Step 3: Create a business plan.

A business plan outlines your strategy, goals, and the steps needed to achieve those goals. It will guide you from the inception of your business through its growth and expansion. Every business, regardless of what stage it’s in or its funding status, can benefit from a business plan.

Business plans vary. A comprehensive business plan will include certain key sections, including:

  • An executive summary with a condensed overview of your business plan.
  • Your business mission, values, and goals.
  • A company description that answers critical questions about your business and the problem it solves.
  • A market analysis that positions your business against competitors and includes details about your target market, market size, growth rate, and market trends.
  • A products or services section that details your business operations, including what you offer, its cost, who creates the product or provides the service, and your overhead expenses.
  • A customer section that summarizes your ideal customer using the research you’ve conducted.
  • A marketing plan that outlines your unique value proposition and how you intend to reach your customers.
  • A financial plan that includes a proposed budget and projected financial statements. This section can also include any funding you’re seeking.

Step 4: Decide on a business structure.

The structure of your business can impact various important aspects of running a business, such as tax obligations, daily operations, and personal risk.

Some different business structures include:

  • Sole Proprietorship: Common for solo entrepreneurs, where the business and its owner are considered the same entity. The owner is personally liable for all business debts.
  • Partnerships: Suitable for businesses with multiple owners. A partnership agreement is necessary, and partners have limited liability for the debts of the partnership.
  • Limited Liability Companies (LLCs): Can be owned by one or more entities. LLCs limit personal liability for business debts and are relatively easy to establish.
  • Cooperatives: These businesses operate to the benefit of their users and span various industries, including healthcare, retail, restaurants, and agriculture.
  • Corporations: More complex from a legal and tax perspective, corporations are usually larger companies. They can sometimes be found in small businesses.

Consulting with a lawyer or accountant before deciding on a business structure can help you choose the right structure for your business.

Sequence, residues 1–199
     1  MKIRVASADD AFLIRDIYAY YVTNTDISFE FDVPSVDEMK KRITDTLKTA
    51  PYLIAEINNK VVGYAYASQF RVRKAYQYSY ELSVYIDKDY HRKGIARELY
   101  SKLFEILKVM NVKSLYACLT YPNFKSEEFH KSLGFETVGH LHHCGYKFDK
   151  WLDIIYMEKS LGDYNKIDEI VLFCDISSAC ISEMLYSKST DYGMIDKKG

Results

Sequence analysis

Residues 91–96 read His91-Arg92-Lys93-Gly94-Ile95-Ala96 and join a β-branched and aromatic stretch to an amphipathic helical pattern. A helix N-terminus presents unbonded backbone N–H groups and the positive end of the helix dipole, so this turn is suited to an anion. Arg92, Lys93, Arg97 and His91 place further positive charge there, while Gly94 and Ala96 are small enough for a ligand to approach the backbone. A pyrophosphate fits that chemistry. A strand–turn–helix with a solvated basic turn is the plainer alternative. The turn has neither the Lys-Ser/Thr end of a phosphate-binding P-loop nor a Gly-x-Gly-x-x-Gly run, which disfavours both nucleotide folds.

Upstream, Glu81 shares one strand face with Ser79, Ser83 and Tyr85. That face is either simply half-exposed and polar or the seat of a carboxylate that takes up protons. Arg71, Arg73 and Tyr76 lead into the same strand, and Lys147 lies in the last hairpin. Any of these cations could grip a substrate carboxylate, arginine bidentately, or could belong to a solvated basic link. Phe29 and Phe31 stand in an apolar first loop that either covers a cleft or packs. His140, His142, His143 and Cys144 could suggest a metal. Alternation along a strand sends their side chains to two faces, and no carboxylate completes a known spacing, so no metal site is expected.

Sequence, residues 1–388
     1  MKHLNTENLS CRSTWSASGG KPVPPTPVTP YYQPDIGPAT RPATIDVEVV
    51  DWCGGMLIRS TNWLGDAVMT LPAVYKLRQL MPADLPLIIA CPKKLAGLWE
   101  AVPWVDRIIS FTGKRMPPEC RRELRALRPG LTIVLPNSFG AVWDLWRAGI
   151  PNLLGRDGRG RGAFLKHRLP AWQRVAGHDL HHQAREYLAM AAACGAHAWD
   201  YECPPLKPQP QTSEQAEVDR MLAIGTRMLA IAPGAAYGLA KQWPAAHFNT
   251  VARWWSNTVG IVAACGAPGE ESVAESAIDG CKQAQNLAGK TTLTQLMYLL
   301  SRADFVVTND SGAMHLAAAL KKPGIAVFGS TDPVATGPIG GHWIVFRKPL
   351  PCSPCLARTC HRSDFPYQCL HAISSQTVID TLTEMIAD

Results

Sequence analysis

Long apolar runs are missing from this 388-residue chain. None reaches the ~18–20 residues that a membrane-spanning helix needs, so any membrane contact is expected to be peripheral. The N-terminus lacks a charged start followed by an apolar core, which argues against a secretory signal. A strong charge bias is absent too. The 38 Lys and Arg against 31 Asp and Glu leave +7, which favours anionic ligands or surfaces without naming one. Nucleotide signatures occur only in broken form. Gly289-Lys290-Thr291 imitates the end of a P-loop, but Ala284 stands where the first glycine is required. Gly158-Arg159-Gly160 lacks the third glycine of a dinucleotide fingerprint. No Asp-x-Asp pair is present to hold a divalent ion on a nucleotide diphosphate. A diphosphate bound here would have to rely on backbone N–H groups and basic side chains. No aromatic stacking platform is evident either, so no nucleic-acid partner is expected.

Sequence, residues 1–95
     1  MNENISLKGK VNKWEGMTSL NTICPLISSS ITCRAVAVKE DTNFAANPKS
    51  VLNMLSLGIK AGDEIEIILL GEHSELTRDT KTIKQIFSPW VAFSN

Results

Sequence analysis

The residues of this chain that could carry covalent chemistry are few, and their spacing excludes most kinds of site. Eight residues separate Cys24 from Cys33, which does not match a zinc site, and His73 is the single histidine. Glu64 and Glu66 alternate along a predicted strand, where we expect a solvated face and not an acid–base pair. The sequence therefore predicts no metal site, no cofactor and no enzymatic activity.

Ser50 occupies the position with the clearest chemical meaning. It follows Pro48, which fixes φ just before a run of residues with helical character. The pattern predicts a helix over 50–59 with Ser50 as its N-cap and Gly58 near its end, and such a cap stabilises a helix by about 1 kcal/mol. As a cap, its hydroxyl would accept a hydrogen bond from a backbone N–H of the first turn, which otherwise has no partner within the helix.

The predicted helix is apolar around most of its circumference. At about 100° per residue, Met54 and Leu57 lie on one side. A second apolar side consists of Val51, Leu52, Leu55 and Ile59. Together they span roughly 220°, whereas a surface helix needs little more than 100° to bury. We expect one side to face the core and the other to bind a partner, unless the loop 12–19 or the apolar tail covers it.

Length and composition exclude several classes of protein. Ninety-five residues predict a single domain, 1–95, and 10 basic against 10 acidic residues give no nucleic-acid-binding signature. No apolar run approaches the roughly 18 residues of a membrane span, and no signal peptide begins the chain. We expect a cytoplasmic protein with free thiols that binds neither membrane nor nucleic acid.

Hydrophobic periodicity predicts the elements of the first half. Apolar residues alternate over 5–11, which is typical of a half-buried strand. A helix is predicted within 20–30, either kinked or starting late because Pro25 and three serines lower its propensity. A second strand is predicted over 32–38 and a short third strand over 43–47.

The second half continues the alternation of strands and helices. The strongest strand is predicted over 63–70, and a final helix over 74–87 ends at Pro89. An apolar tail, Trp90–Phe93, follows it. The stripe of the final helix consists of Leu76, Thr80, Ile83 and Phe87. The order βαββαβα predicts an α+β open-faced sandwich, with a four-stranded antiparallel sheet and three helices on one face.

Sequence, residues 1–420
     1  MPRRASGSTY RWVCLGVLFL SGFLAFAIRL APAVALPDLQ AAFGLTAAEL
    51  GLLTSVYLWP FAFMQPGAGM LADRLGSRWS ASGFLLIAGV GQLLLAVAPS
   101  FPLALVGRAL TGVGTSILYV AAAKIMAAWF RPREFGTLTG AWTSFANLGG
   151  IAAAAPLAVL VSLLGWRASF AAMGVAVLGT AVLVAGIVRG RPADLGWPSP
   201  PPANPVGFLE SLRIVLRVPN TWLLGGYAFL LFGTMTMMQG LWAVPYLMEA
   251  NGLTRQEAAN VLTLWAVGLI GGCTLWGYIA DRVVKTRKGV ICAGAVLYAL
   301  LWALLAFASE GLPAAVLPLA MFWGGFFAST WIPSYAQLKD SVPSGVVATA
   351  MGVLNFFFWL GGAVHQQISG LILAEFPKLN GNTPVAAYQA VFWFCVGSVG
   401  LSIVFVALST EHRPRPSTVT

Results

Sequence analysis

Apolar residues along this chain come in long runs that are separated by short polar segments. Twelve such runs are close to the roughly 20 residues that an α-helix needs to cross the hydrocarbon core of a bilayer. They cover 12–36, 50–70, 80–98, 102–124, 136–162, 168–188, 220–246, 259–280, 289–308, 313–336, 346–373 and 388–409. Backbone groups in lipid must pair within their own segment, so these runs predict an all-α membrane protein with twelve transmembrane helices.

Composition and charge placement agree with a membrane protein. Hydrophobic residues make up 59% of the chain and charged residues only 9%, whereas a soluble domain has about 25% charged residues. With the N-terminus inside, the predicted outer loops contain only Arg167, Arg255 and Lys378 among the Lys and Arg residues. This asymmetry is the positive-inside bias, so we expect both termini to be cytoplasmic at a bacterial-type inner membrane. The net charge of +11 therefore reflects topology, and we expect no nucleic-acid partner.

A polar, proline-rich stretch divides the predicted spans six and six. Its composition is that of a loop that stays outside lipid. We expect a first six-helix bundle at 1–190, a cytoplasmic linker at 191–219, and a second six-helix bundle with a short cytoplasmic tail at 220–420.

There are a handful of things you must do in order to officially become a business. These include:

  • Get a federal tax ID: You must obtain an Employer ID Number (EIN) from the IRS in order to do business. You can do that on the IRS website.  
  • Register your business: You may also need to register your business with your state or local government.
  • Get a business bank account: It’s best to keep your business finances separate from your personal finances. Look into opening an account for your business.
  • Get insurance: Every business needs some sort of insurance, even if it’s basic liability. Talk to an insurance professional for guidance.

Step 6: Figure out your finances.

Although it’s possible to start a business with essentially no money, you will have some initial expenses when you start, especially if your business requires a license. You’ll also likely need to hire specialists to help you with developing branding and building a website. You may even need to purchase some specialized equipment.

Your business plan should address your finances: what your startup costs are and how you intend to finance the launch. Check out our blog post on first-year finances for new business owners for tips and tricks to make your funding stretch further.

Set yourself up for entrepreneurial success.

Once you’ve gotten these basics down, you can start developing and launching your business! But business development requires its own set of tools! 

Help yourself down the road to success by putting the right tools in place from the beginning.

Be the boss of your business. Homebase offers a number of automations that will cut down on repetitive tasks and free you up to focus on more pressing challenges. 

Looking to hire already? Homebase can help you sort out your team’s schedule, keep tabs on their hours, and handle payroll without a hitch. Plus, you get a team chat app that keeps everyone in the scheduling loop. Homebase even offers professional HR advice to help you stay compliant with laws and regulations, so you can skip the—HR department.

Homebase is your one-stop business management app that makes being a new entrepreneur a breeze. Give it a try for free.